During the 10 years of my career I spent working and living in Yemen and reconstructing its past, I discovered a country with a history so rich, a landscape so beautiful, and a population so generous that it was impossible not to fall in love with it. While many may be unfamiliar with Yemen, they will likely be familiar with its plethora of “Notre Dames” which, as well as being symbols of Yemen’s national identity, are an important part of our communal human history.
To Yemen we owe the Queen of Sheba and the palaces and temples of the Sabaean kingdoms, the incense trade, the Marib dam, some of the earliest Jewish, Christian and Muslim communities and the monuments they raised, and archives dating as far back as the 9th century BC. And to Yemen we also owe the oldest and most splendid mud and stone vernacular architecture in the world, and a unique protected ecosystem unknown elsewhere in the world, on the Uneso world heritage island of Socotra. The fragile natural heritage of the island of Socotra is being undermined by Emirati development, as they annex it and turn it into a deluxe tourist destination, all the while continuing to bomb civilians and Yemeni heritage.
What is most unusual for an art historical study, however, is that Fryd applies “trauma theory” both to discussions of audience engagement and to her analysis of feminist artworks themselves. Whereas trauma is medically defined as a psychological or emotional response to deeply disturbing experiences for individuals, cultural theorists since at least the 1990s have expanded trauma theory to embrace collective responses to large-scale catastrophic events such as war and slavery, the ethics of witnessing, and the symbolic representations of trauma in literature and film. Those theorists have explored the ways that literature and film represent the psychic disjunctures of trauma as well as its impact on readers and viewers, who are enlisted as ethical witnesses of unspeakable acts. Fryd’s approach differs slightly from this tradition because she concentrates on the curative power of feminist art for survivors. She wants us to look at art as a practice that enables survivors to “work through” and thereby resolve the kind of suffering that the feminist movement named and politicized.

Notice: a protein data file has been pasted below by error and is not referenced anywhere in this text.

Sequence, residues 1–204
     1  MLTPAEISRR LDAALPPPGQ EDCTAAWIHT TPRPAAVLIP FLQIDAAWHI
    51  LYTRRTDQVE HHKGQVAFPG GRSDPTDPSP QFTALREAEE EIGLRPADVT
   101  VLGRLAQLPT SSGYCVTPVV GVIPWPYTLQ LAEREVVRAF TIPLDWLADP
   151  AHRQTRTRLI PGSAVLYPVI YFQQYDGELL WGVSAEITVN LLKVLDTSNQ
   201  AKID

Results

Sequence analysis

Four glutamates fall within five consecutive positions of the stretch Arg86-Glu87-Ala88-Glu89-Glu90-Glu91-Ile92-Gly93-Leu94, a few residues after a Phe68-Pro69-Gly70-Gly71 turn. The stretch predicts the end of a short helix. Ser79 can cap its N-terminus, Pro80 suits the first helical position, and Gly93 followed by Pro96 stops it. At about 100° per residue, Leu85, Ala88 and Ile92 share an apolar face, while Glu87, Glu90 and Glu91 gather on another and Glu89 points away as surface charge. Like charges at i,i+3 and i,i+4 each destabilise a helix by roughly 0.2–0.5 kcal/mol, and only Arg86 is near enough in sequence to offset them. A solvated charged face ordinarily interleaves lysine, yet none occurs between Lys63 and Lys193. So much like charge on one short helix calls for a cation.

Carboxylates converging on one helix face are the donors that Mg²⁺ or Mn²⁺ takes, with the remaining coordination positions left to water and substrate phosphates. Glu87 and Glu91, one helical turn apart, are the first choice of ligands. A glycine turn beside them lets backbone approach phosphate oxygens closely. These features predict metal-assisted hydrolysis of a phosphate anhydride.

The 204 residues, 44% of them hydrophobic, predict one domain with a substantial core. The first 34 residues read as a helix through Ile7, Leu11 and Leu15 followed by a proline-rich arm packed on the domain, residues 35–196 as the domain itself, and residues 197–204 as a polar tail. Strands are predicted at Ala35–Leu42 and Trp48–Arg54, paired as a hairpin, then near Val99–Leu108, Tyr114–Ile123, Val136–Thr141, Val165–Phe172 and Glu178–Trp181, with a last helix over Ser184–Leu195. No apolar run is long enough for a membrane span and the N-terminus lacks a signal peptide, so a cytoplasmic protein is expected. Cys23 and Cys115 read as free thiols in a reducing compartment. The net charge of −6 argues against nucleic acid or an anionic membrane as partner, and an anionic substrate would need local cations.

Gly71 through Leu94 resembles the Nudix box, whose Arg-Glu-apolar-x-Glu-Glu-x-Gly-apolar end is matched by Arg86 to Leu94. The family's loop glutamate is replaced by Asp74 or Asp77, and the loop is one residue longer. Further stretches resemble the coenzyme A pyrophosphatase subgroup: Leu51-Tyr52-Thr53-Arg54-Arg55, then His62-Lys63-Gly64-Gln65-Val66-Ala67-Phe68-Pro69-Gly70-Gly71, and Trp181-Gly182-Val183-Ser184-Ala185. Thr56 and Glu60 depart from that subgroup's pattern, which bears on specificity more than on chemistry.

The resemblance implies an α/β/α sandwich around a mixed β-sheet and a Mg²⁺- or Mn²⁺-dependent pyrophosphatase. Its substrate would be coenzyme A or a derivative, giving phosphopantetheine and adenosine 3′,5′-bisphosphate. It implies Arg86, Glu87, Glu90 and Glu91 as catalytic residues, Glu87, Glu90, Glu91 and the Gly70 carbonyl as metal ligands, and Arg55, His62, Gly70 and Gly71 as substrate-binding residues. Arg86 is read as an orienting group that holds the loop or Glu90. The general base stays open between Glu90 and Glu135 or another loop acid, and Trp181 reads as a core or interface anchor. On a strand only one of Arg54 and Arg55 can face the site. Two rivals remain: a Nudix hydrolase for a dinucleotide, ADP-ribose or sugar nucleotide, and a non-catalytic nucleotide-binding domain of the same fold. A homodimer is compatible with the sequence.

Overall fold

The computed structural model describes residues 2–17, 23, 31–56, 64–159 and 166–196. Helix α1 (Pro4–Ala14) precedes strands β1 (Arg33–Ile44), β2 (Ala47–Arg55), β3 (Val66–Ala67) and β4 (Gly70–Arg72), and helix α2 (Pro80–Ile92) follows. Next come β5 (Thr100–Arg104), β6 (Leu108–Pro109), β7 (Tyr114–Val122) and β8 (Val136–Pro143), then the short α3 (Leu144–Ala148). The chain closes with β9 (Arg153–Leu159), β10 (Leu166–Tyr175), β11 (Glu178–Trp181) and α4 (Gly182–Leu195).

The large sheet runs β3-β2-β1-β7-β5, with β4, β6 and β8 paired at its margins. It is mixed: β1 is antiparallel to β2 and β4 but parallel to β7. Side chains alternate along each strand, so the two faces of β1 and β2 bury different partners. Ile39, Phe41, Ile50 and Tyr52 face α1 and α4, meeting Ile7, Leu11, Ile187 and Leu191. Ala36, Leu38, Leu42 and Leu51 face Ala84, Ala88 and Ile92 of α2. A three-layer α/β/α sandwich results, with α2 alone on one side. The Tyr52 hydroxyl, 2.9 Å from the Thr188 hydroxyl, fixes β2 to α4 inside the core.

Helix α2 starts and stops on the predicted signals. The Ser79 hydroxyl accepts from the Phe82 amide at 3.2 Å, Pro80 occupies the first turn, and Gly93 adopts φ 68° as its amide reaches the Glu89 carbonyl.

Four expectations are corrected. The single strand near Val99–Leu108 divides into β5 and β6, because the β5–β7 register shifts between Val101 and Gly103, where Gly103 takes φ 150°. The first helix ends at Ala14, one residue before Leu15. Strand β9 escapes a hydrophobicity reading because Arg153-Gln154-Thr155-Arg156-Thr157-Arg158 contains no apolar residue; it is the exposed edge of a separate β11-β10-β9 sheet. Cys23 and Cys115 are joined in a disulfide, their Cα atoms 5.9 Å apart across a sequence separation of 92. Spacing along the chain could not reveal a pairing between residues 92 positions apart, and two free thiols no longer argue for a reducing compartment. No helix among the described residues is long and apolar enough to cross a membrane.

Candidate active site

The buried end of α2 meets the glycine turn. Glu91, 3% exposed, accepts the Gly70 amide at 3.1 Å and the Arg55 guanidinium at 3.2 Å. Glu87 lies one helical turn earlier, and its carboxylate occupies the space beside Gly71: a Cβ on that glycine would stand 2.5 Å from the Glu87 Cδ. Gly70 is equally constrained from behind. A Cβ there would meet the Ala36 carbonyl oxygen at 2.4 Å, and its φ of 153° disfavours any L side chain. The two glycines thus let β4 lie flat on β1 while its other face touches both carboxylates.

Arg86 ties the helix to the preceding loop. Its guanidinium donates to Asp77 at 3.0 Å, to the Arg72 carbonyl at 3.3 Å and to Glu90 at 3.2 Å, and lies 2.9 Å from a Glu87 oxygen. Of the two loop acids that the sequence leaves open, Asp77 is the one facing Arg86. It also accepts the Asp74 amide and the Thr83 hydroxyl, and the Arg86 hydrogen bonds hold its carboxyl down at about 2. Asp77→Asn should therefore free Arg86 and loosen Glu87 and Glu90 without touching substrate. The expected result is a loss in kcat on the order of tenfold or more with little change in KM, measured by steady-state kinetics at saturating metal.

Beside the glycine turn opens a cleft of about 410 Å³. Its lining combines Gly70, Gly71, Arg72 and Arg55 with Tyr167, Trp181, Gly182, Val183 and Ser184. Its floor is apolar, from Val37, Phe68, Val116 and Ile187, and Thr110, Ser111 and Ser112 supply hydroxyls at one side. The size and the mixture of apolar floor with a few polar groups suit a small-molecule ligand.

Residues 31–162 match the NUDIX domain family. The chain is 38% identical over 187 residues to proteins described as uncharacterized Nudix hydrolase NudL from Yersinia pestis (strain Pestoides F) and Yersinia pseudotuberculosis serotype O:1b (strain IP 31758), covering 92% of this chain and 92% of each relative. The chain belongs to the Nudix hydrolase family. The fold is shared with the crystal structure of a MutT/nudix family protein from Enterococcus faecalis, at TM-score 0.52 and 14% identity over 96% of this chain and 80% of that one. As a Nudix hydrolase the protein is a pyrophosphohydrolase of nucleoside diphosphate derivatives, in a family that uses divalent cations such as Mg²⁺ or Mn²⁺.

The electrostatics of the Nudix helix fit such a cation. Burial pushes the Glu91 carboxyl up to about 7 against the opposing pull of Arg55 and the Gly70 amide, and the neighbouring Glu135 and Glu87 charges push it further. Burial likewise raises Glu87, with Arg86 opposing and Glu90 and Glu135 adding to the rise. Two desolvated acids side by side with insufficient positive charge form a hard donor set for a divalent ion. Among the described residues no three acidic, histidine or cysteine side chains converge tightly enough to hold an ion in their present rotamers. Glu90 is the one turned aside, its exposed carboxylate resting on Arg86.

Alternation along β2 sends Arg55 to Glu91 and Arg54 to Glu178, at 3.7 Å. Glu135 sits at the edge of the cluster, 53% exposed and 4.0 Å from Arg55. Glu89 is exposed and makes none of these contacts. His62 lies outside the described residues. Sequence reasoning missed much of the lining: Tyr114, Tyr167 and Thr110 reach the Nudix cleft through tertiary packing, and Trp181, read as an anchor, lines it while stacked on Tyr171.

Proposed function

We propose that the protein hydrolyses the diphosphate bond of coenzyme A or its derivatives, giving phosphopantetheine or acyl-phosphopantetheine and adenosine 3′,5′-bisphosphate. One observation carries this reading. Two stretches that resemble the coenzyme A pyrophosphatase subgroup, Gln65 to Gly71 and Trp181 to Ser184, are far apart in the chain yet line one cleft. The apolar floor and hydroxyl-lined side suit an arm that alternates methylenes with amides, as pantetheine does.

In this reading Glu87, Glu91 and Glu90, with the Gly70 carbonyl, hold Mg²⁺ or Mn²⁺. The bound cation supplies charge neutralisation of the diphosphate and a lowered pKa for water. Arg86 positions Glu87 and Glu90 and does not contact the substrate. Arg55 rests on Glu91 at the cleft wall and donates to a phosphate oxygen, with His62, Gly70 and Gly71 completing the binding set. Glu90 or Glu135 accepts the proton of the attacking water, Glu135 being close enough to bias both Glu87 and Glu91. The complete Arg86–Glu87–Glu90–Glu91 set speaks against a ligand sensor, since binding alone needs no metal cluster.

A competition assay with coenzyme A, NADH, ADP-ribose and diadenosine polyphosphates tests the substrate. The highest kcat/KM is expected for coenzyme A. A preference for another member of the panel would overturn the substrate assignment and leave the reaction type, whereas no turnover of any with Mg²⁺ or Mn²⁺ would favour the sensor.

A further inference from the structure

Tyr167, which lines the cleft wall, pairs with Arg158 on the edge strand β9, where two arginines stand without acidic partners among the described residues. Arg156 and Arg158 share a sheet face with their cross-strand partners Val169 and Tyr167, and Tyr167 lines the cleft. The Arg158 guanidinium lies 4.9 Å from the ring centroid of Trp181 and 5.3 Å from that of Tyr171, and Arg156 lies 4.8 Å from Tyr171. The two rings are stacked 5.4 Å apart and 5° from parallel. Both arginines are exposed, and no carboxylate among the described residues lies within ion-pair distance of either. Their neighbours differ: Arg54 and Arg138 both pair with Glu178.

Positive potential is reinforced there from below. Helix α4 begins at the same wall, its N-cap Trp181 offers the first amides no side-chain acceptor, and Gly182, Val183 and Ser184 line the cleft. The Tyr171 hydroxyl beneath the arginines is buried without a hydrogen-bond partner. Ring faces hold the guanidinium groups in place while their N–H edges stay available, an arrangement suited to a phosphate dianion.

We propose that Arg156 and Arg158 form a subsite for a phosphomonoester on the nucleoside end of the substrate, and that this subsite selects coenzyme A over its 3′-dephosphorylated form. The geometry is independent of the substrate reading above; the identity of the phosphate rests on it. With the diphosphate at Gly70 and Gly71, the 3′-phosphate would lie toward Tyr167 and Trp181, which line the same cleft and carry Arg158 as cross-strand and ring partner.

“After examining the four [fair use] factors, we conclude that none weighs in favor of Violent Hues,” writes Circuit Judge Diana Gribbon Motz, who authored the decision. “Considering these factors together, it is clear that the copying here fails the ‘ultimate test’ of fair use: Violent Hues’ online display of Brammer’s Photo does not serve the interest of copyright law. […]
“We reach our conclusion with the recognition that the Internet has made copying as easy as a few clicks of a button and that much of this copying serves copyright’s objectives. Many social media platforms like Twitter, Facebook, and Instagram are specifically designed for the participatory ‘sharing’ — or copying — of content. We express no opinion as to whether such sharing constitutes fair use. We note, however, that Violent Hues’ use is not of this kind. […]
“Violent Hues did not comment on the Photo, promote the Photo, ‘remix’ the Photo, or otherwise engage with the Photo in a way that might stimulate new insights. What Violent Hues did was publish a tourism guide for a commercial event and include the Photo to make the end product more visually interesting. Such a use would not constitute fair use when done in print, and it does not constitute fair use on the Internet.”